Director / Editor: Victor Teboul, Ph.D.
Looking inside ourselves and out at the world
Independent and neutral with regard to all political and religious orientations,® aims to promote awareness of the major democratic principles on which tolerance is based.
Human Rights Observatory
By Robert Patalano, Lecturer of Biological and Biomedical Sciences, Bryant University
While NASA rovers on the surface of Mars look for hints of life, researchers back on Earth are studying ‘echoes of life’ from ancient basins – hoping that the two sites might be similar.The Conversation (Full Story)
By Jack Burns, Professor of Astrophysical and Planetary Sciences, University of Colorado Boulder
For the first time since 1972, NASA is putting science experiments on the Moon in 2024. And thanks to new technologies and public-private partnerships, these projects will open up new realms of scientific possibility. As parts of several projects launching this year, teams of scientists, including myself, will conduct radio astronomy from the south pole and the far side of the Moon.

NASA’s commercial lunar payload services program,…The Conversation (Full Story)

By Joshua F.J. Inwood, Professor of Geography and Senior Research Associate in the Rock Ethics Institute, Penn State
Derek H. Alderman, Professor of Geography, University of Tennessee
When historian Carter Woodson created “Negro History Week” in 1926, which became “Black History Month” in 1976, he sought not to just celebrate prominent Black historical figures but to transform how white America saw and valued all African Americans.

However, many issues in the history of Black Americans can get lost in a focus on well-known historical figures or other important events. (Full Story)

By Ronald Niezen, Professor of Practice in Sociology and Political Science/International Relations, University of San Diego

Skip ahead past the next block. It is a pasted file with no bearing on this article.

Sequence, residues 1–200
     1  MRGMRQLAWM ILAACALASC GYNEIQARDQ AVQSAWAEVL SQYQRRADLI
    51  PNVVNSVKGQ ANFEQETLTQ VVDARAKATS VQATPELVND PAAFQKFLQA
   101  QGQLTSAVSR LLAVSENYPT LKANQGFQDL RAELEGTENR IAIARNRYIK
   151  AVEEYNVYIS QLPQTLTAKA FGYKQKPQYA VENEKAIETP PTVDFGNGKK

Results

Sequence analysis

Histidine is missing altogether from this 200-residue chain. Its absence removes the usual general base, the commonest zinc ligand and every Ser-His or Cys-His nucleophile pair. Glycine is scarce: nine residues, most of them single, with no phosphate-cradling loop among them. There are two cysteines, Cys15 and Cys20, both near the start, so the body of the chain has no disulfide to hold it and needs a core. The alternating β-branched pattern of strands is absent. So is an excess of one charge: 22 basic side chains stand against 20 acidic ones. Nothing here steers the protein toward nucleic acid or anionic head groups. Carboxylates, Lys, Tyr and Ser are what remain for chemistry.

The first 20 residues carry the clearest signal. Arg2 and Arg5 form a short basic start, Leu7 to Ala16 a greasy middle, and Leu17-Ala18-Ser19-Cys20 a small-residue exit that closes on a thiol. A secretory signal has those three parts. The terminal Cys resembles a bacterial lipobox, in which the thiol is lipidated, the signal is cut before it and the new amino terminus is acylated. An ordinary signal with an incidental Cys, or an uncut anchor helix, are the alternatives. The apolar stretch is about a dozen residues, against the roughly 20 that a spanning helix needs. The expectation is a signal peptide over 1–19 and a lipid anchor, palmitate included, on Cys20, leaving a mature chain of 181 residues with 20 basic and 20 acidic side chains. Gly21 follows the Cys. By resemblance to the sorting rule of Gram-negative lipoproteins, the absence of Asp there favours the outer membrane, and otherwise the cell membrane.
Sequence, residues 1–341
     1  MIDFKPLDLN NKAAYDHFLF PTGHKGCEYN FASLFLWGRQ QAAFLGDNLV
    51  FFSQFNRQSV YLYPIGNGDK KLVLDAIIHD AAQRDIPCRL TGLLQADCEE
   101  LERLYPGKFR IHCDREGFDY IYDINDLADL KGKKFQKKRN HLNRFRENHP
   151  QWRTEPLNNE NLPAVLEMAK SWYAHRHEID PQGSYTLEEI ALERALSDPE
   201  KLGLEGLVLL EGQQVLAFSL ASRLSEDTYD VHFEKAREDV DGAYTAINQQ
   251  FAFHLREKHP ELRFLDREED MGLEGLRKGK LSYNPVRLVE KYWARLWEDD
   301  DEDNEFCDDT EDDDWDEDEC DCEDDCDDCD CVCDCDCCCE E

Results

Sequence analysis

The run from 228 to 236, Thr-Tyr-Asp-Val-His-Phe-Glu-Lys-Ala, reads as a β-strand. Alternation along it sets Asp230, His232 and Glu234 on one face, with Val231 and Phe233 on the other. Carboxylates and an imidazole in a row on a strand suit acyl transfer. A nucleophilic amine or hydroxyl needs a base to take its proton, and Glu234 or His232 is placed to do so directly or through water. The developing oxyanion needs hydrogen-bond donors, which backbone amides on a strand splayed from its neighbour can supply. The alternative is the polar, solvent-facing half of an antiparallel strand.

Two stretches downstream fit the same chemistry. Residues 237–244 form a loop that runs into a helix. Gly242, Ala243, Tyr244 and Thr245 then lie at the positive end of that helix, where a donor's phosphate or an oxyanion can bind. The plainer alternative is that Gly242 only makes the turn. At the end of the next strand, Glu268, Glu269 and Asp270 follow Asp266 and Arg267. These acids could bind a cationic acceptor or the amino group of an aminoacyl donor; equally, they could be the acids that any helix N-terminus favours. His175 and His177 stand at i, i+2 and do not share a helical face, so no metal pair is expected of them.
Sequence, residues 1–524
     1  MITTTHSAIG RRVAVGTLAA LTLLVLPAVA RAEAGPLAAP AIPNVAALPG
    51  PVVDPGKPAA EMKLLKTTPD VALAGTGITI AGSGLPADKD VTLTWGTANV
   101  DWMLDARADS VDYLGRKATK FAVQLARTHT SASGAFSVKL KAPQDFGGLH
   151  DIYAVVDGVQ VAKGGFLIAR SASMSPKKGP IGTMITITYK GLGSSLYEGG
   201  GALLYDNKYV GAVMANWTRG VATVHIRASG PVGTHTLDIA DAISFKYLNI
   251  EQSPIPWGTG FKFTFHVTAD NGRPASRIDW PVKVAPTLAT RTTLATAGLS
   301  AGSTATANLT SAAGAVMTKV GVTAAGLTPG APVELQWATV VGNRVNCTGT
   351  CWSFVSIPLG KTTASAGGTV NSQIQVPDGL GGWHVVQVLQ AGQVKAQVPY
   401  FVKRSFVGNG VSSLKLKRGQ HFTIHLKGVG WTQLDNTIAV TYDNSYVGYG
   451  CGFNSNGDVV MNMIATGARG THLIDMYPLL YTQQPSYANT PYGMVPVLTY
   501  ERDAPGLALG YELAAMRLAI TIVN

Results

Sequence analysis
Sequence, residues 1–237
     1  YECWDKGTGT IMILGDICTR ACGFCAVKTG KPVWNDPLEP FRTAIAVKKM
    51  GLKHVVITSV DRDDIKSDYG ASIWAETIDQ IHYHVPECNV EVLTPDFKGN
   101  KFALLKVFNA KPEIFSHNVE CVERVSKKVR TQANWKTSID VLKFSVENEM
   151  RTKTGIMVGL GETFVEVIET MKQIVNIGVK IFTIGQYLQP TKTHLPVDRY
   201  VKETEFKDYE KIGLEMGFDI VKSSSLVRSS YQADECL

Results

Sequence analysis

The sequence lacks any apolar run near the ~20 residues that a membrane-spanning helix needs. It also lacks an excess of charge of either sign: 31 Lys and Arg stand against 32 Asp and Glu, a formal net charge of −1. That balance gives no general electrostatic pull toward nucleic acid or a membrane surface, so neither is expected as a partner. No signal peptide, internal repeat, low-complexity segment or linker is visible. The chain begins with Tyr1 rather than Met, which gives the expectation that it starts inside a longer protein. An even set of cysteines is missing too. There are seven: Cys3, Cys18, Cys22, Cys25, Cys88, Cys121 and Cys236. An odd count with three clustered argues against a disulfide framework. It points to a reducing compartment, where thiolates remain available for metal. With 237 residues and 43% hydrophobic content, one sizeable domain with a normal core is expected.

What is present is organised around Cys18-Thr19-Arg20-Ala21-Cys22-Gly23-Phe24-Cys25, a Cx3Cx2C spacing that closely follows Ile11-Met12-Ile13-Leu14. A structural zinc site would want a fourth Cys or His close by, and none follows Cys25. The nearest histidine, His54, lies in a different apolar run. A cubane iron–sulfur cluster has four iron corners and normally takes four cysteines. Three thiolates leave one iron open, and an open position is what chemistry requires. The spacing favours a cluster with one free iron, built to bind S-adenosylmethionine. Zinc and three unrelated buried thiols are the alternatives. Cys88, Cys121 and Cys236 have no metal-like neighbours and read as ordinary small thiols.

Collaboration with the enemy is a common and often painful part of armed conflict. It is also an issue in which I have both a professional and personal interest.

The war in Ukraine is, in many ways, a transparent conflict, with cellphone images, drone cameras and satellite imagery feeding a flow of data to social media platforms and news outlets.

But in Ukraine’s occupied territories, there are actions and…The Conversation (Full Story)

By Justin P. Klein, Director of the Weinberg Center for Corporate Governance, University of Delaware
By Thomas Woolley, Senior Lecturer in Applied Mathematics, Cardiff University
Fiona Mathews, Professor of Environmental Biology, University of Sussex
A silent ballet takes place above our heads at night as Britain’s bat populations leave their roosts to forage for food. Although their initial movement away from roosts is fairly well understood, until recently little was known about how they returned home.

But our new research shows how bats may use a “leap-frogging” motion to make their way home, something which could help conservationists in future.

As they flit through the darkness, bats play a crucial role in the health of our…The Conversation (Full Story)

By Ashwin Dhanda, Associate Professor of Hepatology, University of Plymouth
One of my patients, Emma (not her real name), recently told me that she didn’t seek help for her alcohol problem because she was ashamed. She said that she didn’t want to waste anyone’s time on a self-inflicted problem. She lived with it for years, hiding bottles of alcohol so her partner wouldn’t find out. Only when she turned yellow and vomited blood did she call an ambulance.

What stopped Emma from asking for help? The answer, in large part, is stigma. The word stigma comes from ancient Greek, meaning a mark of shame or disgrace. Originally used to label slaves and criminals, these…The Conversation (Full Story)

By David Beer, Professor of Sociology, University of York
Thanks to algorithms, our music choices have gone from being informed by radio, music press, magazines and TV shows to a fine-grained level of personalisation.The Conversation (Full Story)
By Mario Poceski, Professor of Buddhist Studies and Chinese Religions, University of Florida
According to the Chinese zodiac signs, each year in the lunar cycle is associated with a particular animal. The cycle repeats every 12 years.The Conversation (Full Story)
By Jane Duncan, Professor of Digital Society, University of Glasgow
The fact that the presidency is attempting to get away with minimal regulation of bulk interception raises doubt about its commitment to ending intelligence abuse.The Conversation (Full Story)
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